Why I wanted to be part of the ARI Young Leaders

by Matt Griffiths on July 07, 2020

By Matt Griffiths

Back in 2017, the ARI launched the ARI Mentor Program. Our motivation was to contribute positively to the aquatics and recreation industries to create a stronger, more vibrant aquatic industry.

Critical to the success of all organisations in service industries are the qualities of its people. Aquatics and recreation has always been recognised as a highly casualised and itinerant workforce. With high annual staff turnover; nurturing talent and cultivating future leaders often comes second in organisations forced to focus on filling and creating functional teams.

And so we created the Mentor Program. To pause for a moment and identify talent within our organisations, and make a commitment to their growth even if only for a little while. Being heavily involved in that first year as an administrator and facilitator of the program, I was blown away by the intelligence, insight and energy that teams were bringing to the challenge.

Projects like SALT and MODES were thrust into the spotlight, and have demonstrated the power of engaging with youth. Whilst these projects were impressive, what was more impactful about the Mentor Program were the conversations across all the teams that were challenging a lot of the assumptions that underpin our decision making. It was from these conversations that an urgent need arose to continue the involvement of our Mentees in the ARI.

If the COVID crisis has taught us anything, tomorrow’s aquatics and recreation industry is going to be vastly different to today’s.

Interestingly, youth participation in organisations goes beyond creating more agile companies and effective succession planning, it might just help to improve the bottom line by addressing some of the reasons employees leave organisations.

In 2016, Deloitte conducted a Millenial Survey in which they surveyed 7,700 Millennials across 29 countries from all industries.

What was most interesting from their results was that if given the choice, one in four Millennials would quit his or her current employer in the next year to join a new organization or to do something different.

In Deloitte's report, 63 percent of Millennials say their “leadership skills are not being fully developed.”

And here is the kicker, the survey finds that 71 percent of those likely to leave their organisation in the next two years are unhappy with how their leadership skills are being developed.

People under the age of 35 in our organisations recognise how valuable good leadership is to organisations and have a strong desire to be the leaders our organisations need.

Further, Millennials want to contribute to the positive impact they believe business has on society, but in so doing, they wish to stay true to their personal values. In the Deloitte report 70 percent of Millennials believe their personal values are shared by the organizations they work for. This rises to 82 percent for those Millennials intending to stay for at least another five years.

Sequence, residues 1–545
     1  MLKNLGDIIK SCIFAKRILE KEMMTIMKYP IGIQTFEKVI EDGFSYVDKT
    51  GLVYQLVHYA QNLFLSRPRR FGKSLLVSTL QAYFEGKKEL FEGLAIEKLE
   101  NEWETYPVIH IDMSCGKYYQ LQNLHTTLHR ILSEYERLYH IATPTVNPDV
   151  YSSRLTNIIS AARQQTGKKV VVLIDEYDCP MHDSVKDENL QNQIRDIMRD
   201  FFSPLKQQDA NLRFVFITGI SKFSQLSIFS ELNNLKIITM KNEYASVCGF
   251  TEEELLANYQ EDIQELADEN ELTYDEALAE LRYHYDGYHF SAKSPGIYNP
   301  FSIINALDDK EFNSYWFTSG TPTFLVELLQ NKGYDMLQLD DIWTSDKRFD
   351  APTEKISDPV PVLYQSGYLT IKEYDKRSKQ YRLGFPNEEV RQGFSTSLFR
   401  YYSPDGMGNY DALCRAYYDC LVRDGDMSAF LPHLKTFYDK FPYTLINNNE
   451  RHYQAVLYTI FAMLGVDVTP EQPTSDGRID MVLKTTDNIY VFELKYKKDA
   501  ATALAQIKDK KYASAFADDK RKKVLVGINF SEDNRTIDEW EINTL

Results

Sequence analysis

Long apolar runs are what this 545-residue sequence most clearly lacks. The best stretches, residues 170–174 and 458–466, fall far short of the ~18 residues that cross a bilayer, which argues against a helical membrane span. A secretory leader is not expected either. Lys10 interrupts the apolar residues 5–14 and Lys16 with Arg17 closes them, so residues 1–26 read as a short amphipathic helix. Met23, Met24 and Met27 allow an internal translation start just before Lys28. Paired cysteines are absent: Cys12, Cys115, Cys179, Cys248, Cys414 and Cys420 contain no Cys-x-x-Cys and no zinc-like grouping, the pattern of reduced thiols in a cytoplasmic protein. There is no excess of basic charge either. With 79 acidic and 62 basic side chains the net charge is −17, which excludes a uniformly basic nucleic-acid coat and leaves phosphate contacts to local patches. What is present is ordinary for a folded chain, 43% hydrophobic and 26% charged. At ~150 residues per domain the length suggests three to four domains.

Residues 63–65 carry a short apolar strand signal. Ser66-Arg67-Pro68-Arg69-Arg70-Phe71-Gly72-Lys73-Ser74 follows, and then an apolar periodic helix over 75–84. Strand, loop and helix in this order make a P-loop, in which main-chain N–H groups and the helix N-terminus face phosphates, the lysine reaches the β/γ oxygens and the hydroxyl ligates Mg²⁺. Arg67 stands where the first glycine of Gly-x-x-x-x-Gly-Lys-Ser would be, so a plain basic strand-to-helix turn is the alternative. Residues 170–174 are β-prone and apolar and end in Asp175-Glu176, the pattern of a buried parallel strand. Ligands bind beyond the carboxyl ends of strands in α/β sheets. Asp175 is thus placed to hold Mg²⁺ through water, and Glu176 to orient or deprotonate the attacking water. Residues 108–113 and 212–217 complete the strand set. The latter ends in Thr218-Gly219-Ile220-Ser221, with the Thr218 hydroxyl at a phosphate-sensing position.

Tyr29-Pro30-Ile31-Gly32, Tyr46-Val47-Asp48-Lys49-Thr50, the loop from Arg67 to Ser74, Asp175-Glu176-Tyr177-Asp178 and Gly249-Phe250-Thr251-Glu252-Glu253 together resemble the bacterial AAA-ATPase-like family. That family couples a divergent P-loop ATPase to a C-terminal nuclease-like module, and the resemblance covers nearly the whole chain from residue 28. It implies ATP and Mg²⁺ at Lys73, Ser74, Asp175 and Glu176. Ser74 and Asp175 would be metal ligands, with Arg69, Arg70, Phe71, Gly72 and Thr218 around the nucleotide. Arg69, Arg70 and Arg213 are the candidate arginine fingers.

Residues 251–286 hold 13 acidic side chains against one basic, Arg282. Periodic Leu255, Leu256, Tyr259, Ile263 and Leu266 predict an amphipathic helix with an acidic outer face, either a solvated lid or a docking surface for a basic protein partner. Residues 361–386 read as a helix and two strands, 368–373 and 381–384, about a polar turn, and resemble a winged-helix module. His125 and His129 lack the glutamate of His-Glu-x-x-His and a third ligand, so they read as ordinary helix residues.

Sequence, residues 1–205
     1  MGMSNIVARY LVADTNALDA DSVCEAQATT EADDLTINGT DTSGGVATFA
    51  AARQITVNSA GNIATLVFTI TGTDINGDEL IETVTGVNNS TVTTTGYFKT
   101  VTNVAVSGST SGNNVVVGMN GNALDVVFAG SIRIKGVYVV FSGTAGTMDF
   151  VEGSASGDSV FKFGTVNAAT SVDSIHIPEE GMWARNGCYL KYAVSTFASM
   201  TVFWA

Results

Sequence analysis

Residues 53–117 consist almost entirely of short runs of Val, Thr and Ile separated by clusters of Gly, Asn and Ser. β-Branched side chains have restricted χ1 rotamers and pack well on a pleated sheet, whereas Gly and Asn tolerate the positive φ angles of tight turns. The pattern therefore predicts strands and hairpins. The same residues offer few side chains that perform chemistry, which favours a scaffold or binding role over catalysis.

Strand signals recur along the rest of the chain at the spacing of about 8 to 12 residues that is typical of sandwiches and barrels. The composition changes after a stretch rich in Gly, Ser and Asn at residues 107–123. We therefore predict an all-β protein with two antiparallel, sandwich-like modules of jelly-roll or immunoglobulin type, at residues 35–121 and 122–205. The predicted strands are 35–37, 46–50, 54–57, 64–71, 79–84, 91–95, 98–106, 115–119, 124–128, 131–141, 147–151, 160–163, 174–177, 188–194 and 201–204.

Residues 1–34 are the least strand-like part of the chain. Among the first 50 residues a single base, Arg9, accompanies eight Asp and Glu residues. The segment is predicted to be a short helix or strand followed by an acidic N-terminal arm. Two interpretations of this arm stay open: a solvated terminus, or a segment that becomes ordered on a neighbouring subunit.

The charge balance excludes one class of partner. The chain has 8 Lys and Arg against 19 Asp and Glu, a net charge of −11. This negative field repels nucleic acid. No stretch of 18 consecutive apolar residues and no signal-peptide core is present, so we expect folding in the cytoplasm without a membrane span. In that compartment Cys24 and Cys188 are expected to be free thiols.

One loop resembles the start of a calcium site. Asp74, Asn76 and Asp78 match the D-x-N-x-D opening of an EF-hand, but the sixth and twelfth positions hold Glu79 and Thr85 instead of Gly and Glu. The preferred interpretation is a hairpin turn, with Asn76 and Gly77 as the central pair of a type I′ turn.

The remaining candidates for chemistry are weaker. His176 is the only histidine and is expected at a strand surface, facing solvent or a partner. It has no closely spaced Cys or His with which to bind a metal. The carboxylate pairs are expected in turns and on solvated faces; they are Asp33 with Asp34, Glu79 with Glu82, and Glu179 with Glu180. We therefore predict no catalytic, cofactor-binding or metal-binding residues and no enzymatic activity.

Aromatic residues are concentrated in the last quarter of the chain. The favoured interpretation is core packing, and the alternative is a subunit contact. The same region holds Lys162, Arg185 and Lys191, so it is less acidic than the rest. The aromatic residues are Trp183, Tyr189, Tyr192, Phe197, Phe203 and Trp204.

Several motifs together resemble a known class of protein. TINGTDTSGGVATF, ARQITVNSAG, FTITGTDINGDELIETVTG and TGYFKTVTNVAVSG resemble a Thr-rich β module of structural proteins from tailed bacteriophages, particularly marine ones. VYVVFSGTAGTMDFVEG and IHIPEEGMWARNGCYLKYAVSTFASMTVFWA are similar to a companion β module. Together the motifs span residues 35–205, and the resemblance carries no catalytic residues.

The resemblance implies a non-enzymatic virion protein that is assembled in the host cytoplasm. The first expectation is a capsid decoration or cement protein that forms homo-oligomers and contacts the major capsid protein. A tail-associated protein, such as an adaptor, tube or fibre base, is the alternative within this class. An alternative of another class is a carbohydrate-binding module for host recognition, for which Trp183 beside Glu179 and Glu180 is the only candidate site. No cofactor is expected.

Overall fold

Millennials often cop a bad rap for their lack of loyalty or commitment. But its important we understand what earns that loyalty and how to cultivate it. For me, the Deloitte report highlights two interconnected themes:

  • Millennials want to work for organisations that share their values and will give their loyalty to those same organisations
  • Millennials are crying out for opportunities to develop their leadership recognising that leadership is highly valued by organisations

In providing opportunities for youth participation in leadership, we provide them with greater opportunity to influence our values and culture. Not only do we enhance their leadership abilities, we bring our values closer together.

In an industry focussed on improving the physical, social, and emotional health of our communities there are plenty of opportunities to motivate the young leaders in our organisations. Now we just have to create the opportunities to learn to lead.

Organisations have a responsibility to not just look at the challenges of today but also to consider the challenges of tomorrow. And so ARI enagages with the future leaders of our industry to understand their vision. To do our part to prepare them to lead and to take steps to evolve our organisation to be ready.

To date, they have already highlighted key themes that resonate with their peers. Environmental sustainability, career development and advancement, technology adaptation and adoption and championing the role of young people are just some of the key themes regularly discussed and debated by the Young Leaders Advisory.

For me, the chance to be a part of the conversation and give others that same opportunity was why I wanted to be part of the ARI Young Leaders. If you want to also be a part of the conversation, join the Young Leaders on Facebook:


Deloitte only recently published the findings of their 2020 Global Millenial Survey. If you’ve got time, it’s a fascinating read on the impact of COVID-19, resilience and responsibility. It can be found here: